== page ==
It’s all about your internal message

Two Sundays ago I joked about how we weren’t really doing an 8 mile run, but rather two 4 mile runs, with the second one starting with a downhill (thanks Dr. Bill for that helpful observation!).   I said it to get a few laughs, but also to make an important point.  A point not just about the marathon or half marathon, but about how you approach any big goal in your life.  Over the next 3 months, our runs/walks will be getting progressively longer (we taper down during the last month) and your attitude can make a huge difference as to how well you perform.  The way to achieve a big goal is to accomplish a series of smaller ones, to feel good about your accomplishment, and let the positive feeling inspire you to keep going.  Think of the long runs as a series of shorter runs, distances that you know you can comfortably do.  Look forward to the small rewards along the way, and celebrate your successes.

“I made it to the water stop!”

“I made it to the top of the hill!”

“I can do this!”

This Sunday’s route will be 9.5 miles.  You can do it!

One way to feel strong during a long run

It was great to see so many of you show up to the run this morning. I hope you all enjoyed the ocean breeze and crisp air. And, to those of you who made it to the top of Temescal Canyon, you deserve an extra congratulations. That is a far more challenging hill than any of the inclines on the course. With this hill training under your belt plus those that will follow, you’ll feel strong as you tackle the hills on Marathon Day.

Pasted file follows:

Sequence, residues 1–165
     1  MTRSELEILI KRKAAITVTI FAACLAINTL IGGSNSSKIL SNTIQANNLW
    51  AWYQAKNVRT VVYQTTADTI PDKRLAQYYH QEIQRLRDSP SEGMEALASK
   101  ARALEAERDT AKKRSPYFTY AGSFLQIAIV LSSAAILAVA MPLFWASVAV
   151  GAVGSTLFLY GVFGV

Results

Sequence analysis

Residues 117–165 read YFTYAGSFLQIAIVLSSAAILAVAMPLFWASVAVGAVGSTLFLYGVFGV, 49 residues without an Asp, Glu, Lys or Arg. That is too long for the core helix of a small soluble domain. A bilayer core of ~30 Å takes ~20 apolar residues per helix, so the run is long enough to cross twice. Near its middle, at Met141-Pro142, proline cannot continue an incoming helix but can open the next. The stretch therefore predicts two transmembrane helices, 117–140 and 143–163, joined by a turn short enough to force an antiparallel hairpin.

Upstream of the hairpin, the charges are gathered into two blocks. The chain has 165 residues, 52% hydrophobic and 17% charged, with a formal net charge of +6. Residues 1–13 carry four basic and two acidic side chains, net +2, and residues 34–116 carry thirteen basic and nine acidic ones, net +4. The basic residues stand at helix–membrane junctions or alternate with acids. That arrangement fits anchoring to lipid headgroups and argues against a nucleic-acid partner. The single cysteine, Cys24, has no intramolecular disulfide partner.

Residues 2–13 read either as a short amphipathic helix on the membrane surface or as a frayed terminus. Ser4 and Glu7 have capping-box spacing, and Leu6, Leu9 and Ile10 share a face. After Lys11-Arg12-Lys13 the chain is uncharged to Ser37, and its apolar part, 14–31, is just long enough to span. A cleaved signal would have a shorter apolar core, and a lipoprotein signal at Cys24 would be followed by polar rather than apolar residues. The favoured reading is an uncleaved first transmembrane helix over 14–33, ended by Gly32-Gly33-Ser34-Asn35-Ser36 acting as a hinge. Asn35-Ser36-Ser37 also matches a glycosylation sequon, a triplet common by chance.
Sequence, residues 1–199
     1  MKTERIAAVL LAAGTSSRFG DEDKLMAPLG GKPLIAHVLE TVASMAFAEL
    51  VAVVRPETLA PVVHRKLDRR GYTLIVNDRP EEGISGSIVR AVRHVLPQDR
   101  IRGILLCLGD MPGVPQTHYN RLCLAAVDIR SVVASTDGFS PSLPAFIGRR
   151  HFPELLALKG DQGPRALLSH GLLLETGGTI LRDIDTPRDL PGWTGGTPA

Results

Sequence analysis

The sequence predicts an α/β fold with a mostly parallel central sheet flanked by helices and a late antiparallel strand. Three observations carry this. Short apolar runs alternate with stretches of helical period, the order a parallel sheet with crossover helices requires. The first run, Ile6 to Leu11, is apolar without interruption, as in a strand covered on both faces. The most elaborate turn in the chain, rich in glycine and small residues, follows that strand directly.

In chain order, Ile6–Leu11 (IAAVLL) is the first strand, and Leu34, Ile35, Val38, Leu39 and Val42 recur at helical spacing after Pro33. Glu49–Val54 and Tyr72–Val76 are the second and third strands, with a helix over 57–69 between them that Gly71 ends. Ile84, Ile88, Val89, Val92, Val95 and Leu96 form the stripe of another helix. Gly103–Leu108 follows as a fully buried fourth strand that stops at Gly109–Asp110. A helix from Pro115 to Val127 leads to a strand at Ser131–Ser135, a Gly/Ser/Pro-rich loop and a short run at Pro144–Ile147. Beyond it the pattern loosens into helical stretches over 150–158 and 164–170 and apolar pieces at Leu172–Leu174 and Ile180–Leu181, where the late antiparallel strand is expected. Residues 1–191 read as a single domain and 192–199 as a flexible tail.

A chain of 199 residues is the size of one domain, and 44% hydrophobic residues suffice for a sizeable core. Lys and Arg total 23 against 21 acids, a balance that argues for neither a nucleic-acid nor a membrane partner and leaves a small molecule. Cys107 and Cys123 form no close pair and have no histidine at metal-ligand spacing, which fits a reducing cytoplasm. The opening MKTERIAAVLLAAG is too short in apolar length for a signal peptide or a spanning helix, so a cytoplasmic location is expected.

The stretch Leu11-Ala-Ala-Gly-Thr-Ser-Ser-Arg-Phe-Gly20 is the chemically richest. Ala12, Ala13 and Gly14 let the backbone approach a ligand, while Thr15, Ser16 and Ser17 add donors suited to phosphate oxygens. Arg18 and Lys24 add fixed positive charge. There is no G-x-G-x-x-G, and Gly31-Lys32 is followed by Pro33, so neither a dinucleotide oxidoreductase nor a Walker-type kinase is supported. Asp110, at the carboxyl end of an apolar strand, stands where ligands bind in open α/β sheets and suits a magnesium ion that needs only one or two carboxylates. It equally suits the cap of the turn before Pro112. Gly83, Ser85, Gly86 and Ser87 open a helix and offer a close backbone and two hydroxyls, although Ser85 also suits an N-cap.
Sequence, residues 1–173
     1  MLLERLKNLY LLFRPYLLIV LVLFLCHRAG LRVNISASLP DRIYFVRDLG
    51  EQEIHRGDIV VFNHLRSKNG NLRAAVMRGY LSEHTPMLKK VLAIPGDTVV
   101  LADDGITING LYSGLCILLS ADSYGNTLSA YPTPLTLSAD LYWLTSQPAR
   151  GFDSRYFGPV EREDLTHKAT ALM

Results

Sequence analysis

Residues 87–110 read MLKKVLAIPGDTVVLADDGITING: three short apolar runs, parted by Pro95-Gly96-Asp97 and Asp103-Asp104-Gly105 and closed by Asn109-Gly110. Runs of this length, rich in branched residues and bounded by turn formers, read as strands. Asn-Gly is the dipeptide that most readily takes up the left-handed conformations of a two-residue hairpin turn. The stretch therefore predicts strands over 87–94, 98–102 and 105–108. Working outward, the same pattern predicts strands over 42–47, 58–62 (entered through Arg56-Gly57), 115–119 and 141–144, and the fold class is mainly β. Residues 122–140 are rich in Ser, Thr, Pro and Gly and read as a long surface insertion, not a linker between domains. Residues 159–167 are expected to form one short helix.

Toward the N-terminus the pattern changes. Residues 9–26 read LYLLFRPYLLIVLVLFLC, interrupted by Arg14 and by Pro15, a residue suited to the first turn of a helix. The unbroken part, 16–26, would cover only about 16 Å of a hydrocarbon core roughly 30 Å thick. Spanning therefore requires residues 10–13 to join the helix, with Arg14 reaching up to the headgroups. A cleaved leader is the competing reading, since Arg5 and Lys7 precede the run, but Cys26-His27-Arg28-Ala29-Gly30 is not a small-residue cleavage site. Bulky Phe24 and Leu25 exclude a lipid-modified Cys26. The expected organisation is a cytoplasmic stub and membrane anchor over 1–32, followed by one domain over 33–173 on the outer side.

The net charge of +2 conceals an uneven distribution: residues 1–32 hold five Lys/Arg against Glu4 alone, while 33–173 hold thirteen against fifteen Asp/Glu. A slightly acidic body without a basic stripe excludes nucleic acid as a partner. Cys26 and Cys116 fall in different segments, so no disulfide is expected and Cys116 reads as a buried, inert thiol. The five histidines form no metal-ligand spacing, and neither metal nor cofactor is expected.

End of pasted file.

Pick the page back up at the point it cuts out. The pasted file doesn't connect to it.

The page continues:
Now that we are getting into longer runs, I have two words of advice for you: Eat Breakfast! While many runners can roll out of bed and run 4-6 miles quite well on an empty stomach (assuming they had a decent night sleep and a reasonable dinner the night before), few can go much further and still feel good. That’s why it’s time to make sure you eat a good breakfast, if you aren’t doing so already.

An appropriate breakfast before a long run is comprised of primarily “good carbs”, those foods that digest slowly and provide you with sustained energy during your run, i.e, fresh fruit and whole grains. Examples of a good pre-run breakfast include whole wheat bread, oatmeal, or whole grain muffins, with a piece of fruit. Leftover baked potatoes or brown rice are also good choices. Try to avoid pre-run meals that are high fat / high protein, like steak and eggs. We’re marathon runners, not body builders or Sumo wrestlers. 🙂

As you experiment with different breakfasts, see which foods and portion sizes help you keep going strong. This is the time to really start paying attention to your body and figure out what works best for you.  Your body will thank you.

What lessons did YOU learn from the 10K?

Congratulations to all of you who finished the 10K, and to those of you who couldn’t join us, I hope you got in a good workout and ran with us in spirit.

The primary reason we, the coaches, include a 10K and a 1/2 marathon in the training schedule is so you can have  race experiences well before Marathon day, and use those experiences to fine tune your training.  While it’s still fresh in your mind, I encourage you to take advantage of this opportunity.  Think about what went well that you plan to continue, and what you realized you need to do differently.